As the nations of the United Kingdom enter differing forms of lockdown in response to COVID-19, energy managers are facing the challenge of optimising their building portfolio efficiency and procurement strategies without knowing what the future holds.
Increasingly, real estate professionals are turning to Artificial Intelligence (AI) and advanced metering technologies to use historical data as a means of predicting the future by mapping multiple energy consumption scenarios that reflect the shifting sands of the new ‘abnormal’.
As industrial and commercial metering specialists we are working closely with energy managers to turn half-hourly gas and electricity data delivered automatically by advanced meters into benchmark performance thresholds that can inform better control over energy performance in buildings whatever the prevailing operating conditions dictated the pandemic.
The availability of energy monitoring and reporting portals coupled with innovations in artificial intelligence (AI) is helping managers to cut through huge swathes of data to bring clarity to decision-making.
For example, through our AMR DNA service we are enabling facilities managers in multiple sectors, including higher education, retail, local authorities and commerce, to use AI to develop accurate scenario planning linked to the status of the pandemic.
This means managers can adapt quickly to changes in COVID rules and be confident that whether it’s a full lockdown, localised tiered restrictions, a ‘COVID-secure’ normal requiring social distancing, or a return to pre-COVID normality, they are in a better place to maintain optimal energy efficiency.
“Through AI-informed scenario planning and reporting, energy managers can apply the correct measures to any given situation in order to minimise energy waste and optimise energy procurement,” said George Catto, Client Services Director at AMR DNA.
In scenario planning, we use kWIQly AI architecture to assimilate two years’ worth of half-hourly gas and electricity meter data into a performance model that can be measured against key criteria to identify waste. Energy waste can result from something as simple as leaving lighting on overnight or, more critically, failing to revise heating schedules when the clocks go back or forward.
Identifying and eradicating this waste can be a particularly pressing challenge in an environment of change, when building occupancy levels are fluctuating.
AI has the power to find and flag up areas for energy efficiency improvement because the system progressively ‘learns’ what best performance looks like. It’s a process that would take an army of analysts years to complete.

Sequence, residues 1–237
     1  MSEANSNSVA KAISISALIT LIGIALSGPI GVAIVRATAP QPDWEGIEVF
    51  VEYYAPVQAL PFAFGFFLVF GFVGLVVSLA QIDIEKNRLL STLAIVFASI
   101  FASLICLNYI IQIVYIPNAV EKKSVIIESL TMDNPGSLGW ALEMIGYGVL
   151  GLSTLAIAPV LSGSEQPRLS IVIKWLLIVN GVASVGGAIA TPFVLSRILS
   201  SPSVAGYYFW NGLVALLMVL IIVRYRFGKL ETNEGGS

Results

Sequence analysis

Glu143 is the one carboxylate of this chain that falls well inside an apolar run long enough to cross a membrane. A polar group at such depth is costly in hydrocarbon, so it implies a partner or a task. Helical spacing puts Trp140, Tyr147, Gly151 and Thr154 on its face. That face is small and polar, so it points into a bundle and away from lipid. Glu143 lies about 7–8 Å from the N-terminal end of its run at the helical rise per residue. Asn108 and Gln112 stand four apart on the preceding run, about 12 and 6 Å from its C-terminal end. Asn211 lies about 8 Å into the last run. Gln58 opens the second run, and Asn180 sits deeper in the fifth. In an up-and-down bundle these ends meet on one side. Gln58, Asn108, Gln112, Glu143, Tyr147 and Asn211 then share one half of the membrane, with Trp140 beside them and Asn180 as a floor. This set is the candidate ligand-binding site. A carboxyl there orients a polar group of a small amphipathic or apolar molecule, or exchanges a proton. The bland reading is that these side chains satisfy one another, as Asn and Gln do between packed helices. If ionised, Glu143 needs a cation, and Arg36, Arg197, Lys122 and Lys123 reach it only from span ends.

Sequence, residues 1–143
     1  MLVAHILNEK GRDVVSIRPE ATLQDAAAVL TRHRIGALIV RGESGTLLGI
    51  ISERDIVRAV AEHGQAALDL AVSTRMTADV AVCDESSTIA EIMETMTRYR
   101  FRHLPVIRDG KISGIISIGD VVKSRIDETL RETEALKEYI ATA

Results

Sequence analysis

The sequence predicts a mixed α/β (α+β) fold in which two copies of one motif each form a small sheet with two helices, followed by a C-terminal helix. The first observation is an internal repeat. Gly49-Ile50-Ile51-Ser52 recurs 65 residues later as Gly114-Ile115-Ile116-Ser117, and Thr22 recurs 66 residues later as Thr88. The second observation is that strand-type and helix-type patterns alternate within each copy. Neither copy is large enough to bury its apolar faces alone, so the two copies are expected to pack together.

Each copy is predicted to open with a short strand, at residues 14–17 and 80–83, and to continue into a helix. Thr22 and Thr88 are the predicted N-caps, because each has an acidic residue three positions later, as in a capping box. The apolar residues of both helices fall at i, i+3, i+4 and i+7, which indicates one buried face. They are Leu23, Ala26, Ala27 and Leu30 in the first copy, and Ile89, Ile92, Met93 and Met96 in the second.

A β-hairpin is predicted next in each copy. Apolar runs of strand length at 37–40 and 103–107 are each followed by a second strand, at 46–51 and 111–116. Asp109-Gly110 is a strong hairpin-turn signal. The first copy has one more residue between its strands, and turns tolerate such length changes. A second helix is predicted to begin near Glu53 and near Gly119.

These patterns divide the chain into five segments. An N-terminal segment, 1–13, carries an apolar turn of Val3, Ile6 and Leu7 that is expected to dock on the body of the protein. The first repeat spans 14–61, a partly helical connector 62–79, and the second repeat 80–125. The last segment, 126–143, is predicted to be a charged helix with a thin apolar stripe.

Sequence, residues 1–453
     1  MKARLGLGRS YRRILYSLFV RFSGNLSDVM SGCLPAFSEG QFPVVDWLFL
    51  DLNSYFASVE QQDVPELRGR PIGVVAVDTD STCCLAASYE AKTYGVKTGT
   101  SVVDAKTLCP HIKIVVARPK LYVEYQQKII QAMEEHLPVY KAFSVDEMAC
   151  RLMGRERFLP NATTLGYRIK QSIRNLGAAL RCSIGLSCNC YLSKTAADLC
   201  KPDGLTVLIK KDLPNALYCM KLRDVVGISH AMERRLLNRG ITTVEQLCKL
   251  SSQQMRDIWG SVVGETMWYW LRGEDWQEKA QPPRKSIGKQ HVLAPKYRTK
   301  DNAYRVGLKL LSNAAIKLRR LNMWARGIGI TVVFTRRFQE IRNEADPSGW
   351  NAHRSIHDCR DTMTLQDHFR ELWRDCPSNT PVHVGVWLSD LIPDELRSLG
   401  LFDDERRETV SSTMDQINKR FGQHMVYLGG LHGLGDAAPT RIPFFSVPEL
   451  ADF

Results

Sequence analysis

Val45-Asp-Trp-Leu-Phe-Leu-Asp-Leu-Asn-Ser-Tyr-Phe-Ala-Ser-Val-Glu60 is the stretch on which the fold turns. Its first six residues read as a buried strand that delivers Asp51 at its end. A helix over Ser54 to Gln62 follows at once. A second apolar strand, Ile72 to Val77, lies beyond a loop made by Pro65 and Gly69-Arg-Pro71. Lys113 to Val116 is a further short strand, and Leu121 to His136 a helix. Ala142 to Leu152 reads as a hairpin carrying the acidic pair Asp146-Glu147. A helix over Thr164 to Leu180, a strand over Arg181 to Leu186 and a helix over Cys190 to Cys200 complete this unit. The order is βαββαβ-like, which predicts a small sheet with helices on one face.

From this benchmark, energy managers can use the AI-driven model to develop building profiles that fit multiple pandemic scenarios. This approach has been adopted by retailers, local authorities, office occupiers and universities across the country to optimise energy efficiency and sharpen procurement strategies in these most uncertain of times.
Says George Catto: “Managing energy efficiency boils down to doing only what is necessary at least cost. Since Covid-19, ‘what is necessary’ has changed, as have metrics of cost. Pre-pandemic it was enough to measure and predict kWh in terms of normal operations and interpret cost around carbon impact and money.
“Rarely was health considered a ‘cost factor’. However, requirements to keep a building healthy have changed, and not in one dimension. Today, COVID means that energy and facilities managers need to take account of ideal temperatures, air-change rates, humidity, fresh-air circulation, heat recovery strategy and even comfort. Why comfort? - because breathing through PPE changes ambient requirements.”
The challenge to customise energy management is all the more pressing because of the dynamic situation Britain finds itself in as a result of the latest surge.
While AI cannot predict the economic well-being of an organisation, political sentiment or price of energy, what it can do is provide predictability using rock-solid data from historic meter-readings married with variables such as weather, occupancy, operational policy etc.
This enables AI to remodel outcomes under any set of assumptions based on available data.